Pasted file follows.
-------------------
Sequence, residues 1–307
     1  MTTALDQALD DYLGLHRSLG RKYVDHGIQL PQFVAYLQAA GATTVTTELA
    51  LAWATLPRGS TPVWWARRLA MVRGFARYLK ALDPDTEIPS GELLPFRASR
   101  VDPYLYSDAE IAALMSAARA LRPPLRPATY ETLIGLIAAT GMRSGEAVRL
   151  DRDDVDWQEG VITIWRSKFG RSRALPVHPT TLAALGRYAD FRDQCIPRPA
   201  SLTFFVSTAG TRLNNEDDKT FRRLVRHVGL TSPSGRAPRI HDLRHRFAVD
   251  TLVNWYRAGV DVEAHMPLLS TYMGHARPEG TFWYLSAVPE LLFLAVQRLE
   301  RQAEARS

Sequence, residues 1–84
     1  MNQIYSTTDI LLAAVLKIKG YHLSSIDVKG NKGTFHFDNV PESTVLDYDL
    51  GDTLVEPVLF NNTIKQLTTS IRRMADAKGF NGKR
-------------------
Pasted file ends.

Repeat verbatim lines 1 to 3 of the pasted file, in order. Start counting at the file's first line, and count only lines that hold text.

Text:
Sequence, residues 1–307
     1  MTTALDQALD DYLGLHRSLG RKYVDHGIQL PQFVAYLQAA GATTVTTELA
    51  LAWATLPRGS TPVWWARRLA MVRGFARYLK ALDPDTEIPS GELLPFRASR